How to Protect Clients’ Portfolios from Recession
As a result of factors such as inflation and the hiking of interest rates by banks to combat it, many experts believe we’ll experience a recession by 2024.
While others argue we’ll experience economic growth in its place if we experience another quarter of GDP, a decline in a recession will be definite, leading to slowed economic growth, more conservative spending and decreased stock values. As such, it can hurt clients’ investment portfolios.
With this in mind, here’s how you can help to protect your clients’ portfolios from the symptoms of recession.
Make sure your clients have enough saved.
The number one action you can take to protect your clients’ portfolios from recession is to ensure they have enough savings to wear them through it.
To protect against potential job losses and the rising cost of living – and to deal with unexpected expenses or emergencies – some experts suggest having around 3-6 months in emergency savings. In contrast, others say up to a year or longer.
Ensuring your clients have sufficient savings is vital to protect their portfolios. If your client falls on hard times during a recession – when the value of their investments has crashed – and they don’t have enough savings to get them through the remaining economic downturn, they’ll have to cash in on their investments at the worst possible time.
Not only does this mean they’ll probably have to sell an asset for less than it costs – a.k.a. your client loses the money they invested – this also makes them miss out on the value they’ll regain and perhaps build on during the subsequent economic recovery.
So, make sure your clients have enough savings to get them through potential financial difficulty – ideally for the duration of the recession – so that they don’t have to resort to touching their savings.
If you find out that your clients don’t have enough saved, suggest they avoid reinvesting until they do – or, as a last resort, take what they need from their investments sooner rather than later.
Emphasise the long-term.
In the same vein, you should emphasise to your clients the long-term value of their investment portfolio.
Investment portfolios are designed to grow long-term despite the inevitable ups and downs of the economy – including recessions.
Make sure your clients understand that, while their portfolio may decrease in value in the short-term, it will most likely recover in the subsequent economic upturn and stay on track to support their financial goals for the future.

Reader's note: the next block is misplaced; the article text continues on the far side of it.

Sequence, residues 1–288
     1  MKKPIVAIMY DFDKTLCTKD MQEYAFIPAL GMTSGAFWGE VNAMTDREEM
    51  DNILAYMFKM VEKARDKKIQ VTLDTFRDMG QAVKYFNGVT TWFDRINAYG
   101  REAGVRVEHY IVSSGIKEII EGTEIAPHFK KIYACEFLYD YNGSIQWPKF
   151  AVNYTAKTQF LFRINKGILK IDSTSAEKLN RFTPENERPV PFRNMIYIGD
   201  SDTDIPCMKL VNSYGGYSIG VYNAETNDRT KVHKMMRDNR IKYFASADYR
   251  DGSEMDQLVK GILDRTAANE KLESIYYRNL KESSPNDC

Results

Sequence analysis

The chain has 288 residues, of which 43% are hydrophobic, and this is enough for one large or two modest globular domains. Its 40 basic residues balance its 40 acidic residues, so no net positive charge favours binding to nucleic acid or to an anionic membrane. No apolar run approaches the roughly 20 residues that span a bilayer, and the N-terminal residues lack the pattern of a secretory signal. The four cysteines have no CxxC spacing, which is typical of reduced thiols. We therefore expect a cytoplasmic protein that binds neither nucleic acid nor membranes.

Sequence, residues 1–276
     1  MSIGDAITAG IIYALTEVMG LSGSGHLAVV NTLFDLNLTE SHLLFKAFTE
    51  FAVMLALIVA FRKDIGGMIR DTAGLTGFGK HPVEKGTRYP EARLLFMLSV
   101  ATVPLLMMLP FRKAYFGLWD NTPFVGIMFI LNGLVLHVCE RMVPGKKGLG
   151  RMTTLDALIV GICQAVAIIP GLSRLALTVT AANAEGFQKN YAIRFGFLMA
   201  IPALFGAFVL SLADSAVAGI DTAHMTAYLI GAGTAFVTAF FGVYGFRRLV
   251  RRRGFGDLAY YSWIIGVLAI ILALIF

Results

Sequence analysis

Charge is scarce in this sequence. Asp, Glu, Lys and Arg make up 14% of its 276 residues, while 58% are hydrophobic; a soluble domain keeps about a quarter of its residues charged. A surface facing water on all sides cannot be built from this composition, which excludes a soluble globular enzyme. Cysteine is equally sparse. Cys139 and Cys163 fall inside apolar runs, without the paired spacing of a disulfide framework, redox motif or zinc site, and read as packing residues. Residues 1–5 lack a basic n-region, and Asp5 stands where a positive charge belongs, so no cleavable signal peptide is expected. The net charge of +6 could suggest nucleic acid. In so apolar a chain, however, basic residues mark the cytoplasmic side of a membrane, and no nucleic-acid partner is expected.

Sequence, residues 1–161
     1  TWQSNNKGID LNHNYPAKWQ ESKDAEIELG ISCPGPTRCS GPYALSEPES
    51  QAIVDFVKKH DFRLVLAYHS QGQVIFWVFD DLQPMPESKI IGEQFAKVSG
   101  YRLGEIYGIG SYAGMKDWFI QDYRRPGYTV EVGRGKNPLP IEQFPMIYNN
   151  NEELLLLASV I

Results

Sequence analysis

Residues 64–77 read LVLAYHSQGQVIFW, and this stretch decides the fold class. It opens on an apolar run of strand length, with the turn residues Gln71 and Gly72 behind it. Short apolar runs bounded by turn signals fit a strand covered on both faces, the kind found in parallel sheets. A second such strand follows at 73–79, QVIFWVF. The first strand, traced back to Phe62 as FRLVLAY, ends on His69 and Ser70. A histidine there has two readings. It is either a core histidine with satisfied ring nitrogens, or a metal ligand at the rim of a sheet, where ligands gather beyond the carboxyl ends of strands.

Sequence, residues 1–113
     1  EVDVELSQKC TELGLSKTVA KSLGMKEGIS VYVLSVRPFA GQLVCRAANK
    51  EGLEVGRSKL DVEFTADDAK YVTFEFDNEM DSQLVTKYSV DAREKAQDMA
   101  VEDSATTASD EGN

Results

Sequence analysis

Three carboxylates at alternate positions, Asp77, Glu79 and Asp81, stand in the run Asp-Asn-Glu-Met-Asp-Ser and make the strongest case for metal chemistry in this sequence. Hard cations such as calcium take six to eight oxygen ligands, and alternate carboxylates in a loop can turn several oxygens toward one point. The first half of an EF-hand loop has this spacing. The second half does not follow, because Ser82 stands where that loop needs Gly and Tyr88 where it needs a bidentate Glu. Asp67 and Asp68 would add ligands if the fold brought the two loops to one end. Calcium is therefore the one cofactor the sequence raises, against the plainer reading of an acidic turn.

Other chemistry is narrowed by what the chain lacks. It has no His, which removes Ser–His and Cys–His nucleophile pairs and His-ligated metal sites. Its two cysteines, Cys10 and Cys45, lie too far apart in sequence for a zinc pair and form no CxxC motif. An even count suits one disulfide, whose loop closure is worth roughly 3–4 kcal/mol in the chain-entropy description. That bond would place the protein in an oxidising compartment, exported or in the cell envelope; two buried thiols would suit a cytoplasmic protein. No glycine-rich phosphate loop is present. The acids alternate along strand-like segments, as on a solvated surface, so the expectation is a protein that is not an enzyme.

EmphasiseEmphasise that fleeing their investments during a recession will harm the health of their portfolio and detract from their long-term financial health.
Diversify across asset classes.
During a recession, the stock market crashes and a stock’s value will often depreciate by upwards of 20%.
In other words, it’s probably the hardest hit asset class during a recession, though high-yield bonds are similarly affected.
In contrast, lower-yield bonds and commodities – typically negatively correlated with the stock market – tend to outperform stocks, making them a useful diversification tool during this time. It will help maximise the portfolio’s value during a recession.
Consider migrating to more stable stocks.
More significantly, more established companies with low debt and strong cash flows tend to perform more favourably during a recession when compared with smaller, high-growth stocks.
Likewise, funds, including ETFs, comprise an array of stocks. This characteristic of funds means that if a company included within the fund fails during the recession, the many other companies listed in the fund will compensate so that clients don’t notice the loss.
With this in mind, you may consider rebalancing your clients’ investment portfolios to include a higher proportion of these stable stocks.
Of course, if your client has a high-risk tolerance and understands that less established growth stocks have a lower chance of surviving the recession – which they must to make back a client’s investment – these can still prove to be lucrative assets during the following economic recovery period.
Encourage investing in recession-proof stocks.
Of course, no stock is truly recession-proof, but some stocks are more recession-proof than others.
For example, companies selling essentials like food, drink – and other consumer goods such as cigarettes and alcohol – tend to fare better during a recession.
After all, people still buy these products just as much, even during an economic slowdown. They’re likely to purchase more since eating and drinking out – amongst other leisure activities – are considered luxuries, and people tend to scrimp on these things more during a recession.
This means that companies selling ‘essentials’ are better suited to withstand a recession, making them a low-risk stock option compared to corporations focused on non-essentials such as hospitality, leisure, or luxury goods, for example.